Ethical dilemma, what would you do?

Posted

Specializes in Internal Medicine. Has 15 years experience.

Hi everyone sorry for an incoming text wall, but I feel like I'm in a rough spot.

I've been an NP for a little over a year and working for an internal medicine practice that I have generally enjoyed. The pay is solid and my physician boss is great.

Over the last few months, the practice has had turnover issues with our MA's and it's basically because the office manager treats them terribly, is a pathological liar, and I think she's framed some of them for her own mistakes. For the most part, I generally have tried to ignore it since I don't have to deal with the office manager and my boss treats me well. However, it does bother me seeing what is essentially young women (many with kids) making just above minimum wage, being treated so poorly.

My borderline concern recently changed when the officer manager fired my MA (who was an amazing worker) for calling in when her 1 year old son was sick at the hospital (it was her first call in). Then this week I learned that the practice has been forcing all the MA's to edit their time cards to remove any overtime (which is a federal crime). An MA that has been there for a while has told me they always do this.

I'm in a situation where I love my job, but hate the way the other employees are treated, and now I know they're also denying employees on the lowest rung of society fair wages. I want to tell my owner-boss since he is likely oblivious, but his wife is the one in charge of the payroll, and he seems to implicitly also trust his Office Managers decisions. I feel like if I say something, it'll get ignored, and could possibly offend him.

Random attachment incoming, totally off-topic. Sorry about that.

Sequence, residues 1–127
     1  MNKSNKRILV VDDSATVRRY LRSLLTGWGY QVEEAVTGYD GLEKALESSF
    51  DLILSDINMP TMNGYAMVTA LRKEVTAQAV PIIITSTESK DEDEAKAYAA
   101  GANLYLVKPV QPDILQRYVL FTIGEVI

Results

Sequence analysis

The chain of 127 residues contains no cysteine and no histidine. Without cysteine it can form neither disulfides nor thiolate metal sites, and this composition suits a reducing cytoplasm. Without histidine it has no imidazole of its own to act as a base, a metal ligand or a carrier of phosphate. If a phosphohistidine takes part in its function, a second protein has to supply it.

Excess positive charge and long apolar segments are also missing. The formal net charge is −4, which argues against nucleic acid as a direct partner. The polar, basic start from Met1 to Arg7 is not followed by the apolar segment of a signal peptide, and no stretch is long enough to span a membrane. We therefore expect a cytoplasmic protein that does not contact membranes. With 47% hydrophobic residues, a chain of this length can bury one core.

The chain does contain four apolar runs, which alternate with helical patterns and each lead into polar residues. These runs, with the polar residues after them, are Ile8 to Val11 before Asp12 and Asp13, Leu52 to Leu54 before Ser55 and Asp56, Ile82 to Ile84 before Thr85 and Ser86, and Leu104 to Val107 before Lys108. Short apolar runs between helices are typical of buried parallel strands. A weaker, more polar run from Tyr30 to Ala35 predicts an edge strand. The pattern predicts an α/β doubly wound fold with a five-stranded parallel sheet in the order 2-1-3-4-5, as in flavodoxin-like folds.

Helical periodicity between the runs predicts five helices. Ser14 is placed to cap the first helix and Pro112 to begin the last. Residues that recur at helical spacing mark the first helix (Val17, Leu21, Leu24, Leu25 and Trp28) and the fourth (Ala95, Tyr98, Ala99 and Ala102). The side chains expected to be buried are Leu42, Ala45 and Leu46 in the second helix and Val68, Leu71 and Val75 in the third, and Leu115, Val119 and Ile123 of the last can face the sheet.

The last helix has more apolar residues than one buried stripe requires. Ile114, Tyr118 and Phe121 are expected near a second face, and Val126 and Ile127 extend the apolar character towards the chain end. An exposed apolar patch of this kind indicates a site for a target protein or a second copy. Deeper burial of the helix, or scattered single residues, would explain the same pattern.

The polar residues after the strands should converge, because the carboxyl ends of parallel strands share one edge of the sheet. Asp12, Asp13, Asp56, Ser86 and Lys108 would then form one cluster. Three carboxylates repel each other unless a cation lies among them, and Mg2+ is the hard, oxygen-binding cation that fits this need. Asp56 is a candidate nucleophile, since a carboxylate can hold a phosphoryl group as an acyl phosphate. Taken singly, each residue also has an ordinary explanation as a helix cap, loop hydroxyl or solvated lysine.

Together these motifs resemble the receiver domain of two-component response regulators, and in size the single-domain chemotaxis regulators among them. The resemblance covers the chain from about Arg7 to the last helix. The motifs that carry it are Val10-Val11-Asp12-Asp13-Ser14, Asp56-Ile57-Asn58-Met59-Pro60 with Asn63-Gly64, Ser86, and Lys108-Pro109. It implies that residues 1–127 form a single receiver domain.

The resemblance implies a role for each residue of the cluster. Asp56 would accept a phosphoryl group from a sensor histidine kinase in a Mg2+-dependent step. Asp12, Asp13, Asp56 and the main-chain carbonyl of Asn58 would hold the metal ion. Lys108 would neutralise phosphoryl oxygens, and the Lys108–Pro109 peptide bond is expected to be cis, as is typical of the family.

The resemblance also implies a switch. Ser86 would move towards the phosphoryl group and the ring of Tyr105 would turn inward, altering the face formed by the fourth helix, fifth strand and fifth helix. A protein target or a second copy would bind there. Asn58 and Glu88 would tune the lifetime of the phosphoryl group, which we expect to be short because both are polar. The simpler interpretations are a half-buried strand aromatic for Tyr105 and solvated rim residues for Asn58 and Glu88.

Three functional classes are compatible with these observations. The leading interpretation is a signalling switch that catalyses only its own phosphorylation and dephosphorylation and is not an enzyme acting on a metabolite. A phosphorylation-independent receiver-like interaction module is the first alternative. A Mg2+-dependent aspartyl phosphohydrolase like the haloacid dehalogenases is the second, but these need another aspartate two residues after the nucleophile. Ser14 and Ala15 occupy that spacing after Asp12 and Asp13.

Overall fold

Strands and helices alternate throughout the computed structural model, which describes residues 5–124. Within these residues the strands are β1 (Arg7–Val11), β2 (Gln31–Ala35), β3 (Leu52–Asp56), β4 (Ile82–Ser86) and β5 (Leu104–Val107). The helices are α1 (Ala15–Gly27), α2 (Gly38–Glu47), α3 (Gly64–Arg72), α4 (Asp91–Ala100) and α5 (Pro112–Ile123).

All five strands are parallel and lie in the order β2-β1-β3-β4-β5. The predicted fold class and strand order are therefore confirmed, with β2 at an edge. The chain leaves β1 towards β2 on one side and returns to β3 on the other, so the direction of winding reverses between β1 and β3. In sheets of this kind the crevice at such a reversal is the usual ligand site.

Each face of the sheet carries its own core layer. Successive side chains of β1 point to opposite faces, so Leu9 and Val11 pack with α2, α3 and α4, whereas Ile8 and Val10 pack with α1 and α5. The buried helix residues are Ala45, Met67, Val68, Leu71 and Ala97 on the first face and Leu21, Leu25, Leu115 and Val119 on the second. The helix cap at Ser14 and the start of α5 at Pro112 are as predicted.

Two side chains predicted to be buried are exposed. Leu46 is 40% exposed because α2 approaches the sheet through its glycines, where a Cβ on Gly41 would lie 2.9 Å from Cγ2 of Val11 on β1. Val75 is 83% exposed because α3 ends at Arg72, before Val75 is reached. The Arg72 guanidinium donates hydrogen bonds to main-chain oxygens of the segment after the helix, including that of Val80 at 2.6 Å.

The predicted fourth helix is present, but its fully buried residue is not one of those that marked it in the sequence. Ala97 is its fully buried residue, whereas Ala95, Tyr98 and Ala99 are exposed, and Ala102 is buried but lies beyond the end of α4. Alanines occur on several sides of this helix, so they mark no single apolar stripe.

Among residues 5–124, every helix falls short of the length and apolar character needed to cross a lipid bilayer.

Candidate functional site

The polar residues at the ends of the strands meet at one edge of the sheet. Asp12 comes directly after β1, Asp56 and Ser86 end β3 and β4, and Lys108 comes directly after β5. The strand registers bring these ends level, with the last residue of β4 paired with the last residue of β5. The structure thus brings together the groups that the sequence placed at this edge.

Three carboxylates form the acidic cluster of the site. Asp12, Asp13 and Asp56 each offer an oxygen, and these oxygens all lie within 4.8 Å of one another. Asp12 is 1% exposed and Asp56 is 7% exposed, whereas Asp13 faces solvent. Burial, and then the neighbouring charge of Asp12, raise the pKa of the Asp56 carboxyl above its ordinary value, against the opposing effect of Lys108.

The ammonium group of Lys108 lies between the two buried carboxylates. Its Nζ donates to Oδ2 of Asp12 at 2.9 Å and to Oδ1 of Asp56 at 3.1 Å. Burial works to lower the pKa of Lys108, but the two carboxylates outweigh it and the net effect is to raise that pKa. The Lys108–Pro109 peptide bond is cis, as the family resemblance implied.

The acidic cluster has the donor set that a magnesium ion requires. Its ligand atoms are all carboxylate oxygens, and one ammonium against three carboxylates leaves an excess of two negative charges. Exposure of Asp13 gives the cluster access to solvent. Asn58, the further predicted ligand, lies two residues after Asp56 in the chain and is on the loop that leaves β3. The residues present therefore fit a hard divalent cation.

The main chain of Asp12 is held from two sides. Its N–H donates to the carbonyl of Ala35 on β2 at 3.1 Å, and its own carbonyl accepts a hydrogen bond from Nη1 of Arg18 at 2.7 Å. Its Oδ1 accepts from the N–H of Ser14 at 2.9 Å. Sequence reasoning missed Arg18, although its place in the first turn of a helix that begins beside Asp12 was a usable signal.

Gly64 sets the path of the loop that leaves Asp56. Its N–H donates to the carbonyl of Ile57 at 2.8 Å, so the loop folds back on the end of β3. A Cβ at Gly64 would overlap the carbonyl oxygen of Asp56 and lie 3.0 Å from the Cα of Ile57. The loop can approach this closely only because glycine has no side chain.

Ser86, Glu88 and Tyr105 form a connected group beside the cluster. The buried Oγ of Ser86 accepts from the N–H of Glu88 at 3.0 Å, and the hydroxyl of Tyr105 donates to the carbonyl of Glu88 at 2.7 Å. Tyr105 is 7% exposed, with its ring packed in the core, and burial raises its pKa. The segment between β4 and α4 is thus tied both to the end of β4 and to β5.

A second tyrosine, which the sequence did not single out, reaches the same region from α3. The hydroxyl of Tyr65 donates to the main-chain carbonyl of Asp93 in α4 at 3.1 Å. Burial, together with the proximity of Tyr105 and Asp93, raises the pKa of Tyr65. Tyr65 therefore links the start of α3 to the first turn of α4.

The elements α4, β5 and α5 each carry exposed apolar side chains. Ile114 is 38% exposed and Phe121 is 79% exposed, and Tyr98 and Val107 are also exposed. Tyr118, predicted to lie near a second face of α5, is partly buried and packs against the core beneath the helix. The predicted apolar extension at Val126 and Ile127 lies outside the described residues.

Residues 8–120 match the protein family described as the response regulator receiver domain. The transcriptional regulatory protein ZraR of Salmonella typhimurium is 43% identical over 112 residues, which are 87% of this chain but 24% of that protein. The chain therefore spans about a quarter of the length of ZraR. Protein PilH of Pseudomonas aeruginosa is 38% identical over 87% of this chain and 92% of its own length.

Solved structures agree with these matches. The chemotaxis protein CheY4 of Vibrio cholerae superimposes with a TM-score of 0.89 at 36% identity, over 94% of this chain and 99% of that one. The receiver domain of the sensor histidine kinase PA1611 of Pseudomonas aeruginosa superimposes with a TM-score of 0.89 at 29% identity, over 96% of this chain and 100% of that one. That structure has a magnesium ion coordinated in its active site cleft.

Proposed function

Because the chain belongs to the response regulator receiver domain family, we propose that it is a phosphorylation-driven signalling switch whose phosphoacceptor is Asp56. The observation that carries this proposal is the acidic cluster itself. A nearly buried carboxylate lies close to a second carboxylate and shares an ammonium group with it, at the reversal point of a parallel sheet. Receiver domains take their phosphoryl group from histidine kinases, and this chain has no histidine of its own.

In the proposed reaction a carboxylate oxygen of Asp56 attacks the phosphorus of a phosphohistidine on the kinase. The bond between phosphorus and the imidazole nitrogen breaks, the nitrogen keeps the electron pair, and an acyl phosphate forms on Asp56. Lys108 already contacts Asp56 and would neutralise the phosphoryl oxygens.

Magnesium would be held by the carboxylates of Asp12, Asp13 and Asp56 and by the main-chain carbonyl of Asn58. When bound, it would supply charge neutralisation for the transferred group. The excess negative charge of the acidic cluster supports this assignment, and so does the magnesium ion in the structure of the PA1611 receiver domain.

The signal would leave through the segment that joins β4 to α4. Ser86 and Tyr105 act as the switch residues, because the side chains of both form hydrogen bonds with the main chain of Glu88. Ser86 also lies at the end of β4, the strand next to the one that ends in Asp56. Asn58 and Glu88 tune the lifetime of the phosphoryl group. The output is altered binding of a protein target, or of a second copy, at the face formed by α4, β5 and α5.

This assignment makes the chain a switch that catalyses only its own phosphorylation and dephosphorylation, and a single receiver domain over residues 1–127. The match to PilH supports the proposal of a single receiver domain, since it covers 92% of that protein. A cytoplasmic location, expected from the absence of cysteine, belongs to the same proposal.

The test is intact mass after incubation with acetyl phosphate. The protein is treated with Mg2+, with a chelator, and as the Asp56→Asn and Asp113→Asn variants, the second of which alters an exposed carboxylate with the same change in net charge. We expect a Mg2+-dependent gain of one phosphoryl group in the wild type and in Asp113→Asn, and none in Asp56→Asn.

To top it all off, a new opportunity has presented itself, although it would make me feel really guilty for leaving the current practice since he trained me in school and gave me my first job.

So I'm basically trying to figure out what others would do in a similar situation. Right now I'm leaning to taking the new job and offering to stay on part time rounding in some of his facilities since that's where I make a big chunk of coin for the practice anyway. It would work out since the new job would be week on week off scheduling, and I would feel less guilty about leaving if he doesn't like that (and I would also remove myself of the office politics by being strictly inpatient rounding). I would also likely tip off the EEOC anonymously.

Sorry again for the long read. Any thoughts?

rnsrgr8t

Specializes in Peds Urology,primary care, hem/onc. 395 Posts

I would definitely interview and see if you can get the new job. I would not feel guilty at ALL because they are treating the support staff poorly and asking them to do illegal practices. See if you can get some actual documentation/proof of them altering their time cards to prevent OT and I would give it to your boss. That is illegal. When you get the new job and leave, if your new boss asks why, I would tell him directly why you are leaving and how poorly the support staff is treated. They are worth their weight in gold and should not be treated that way. If you cannot get a new job, I would anonymously report the payroll practice to the labor board.

rnkaytee

219 Posts

The PP basically said everything I was going to - you have an ethical and maybe even legal obligation to expose what is happening. Obviously, make sure you get your ducks in a row and have documentation of what is happening. Also, I wouldn't feel guilty over the new job - if changes and people (should) understand that.

traumaRUs, MSN, APRN, CNS

Specializes in Nephrology, Cardiology, ER, ICU. Has 30 years experience. 163 Articles; 21,071 Posts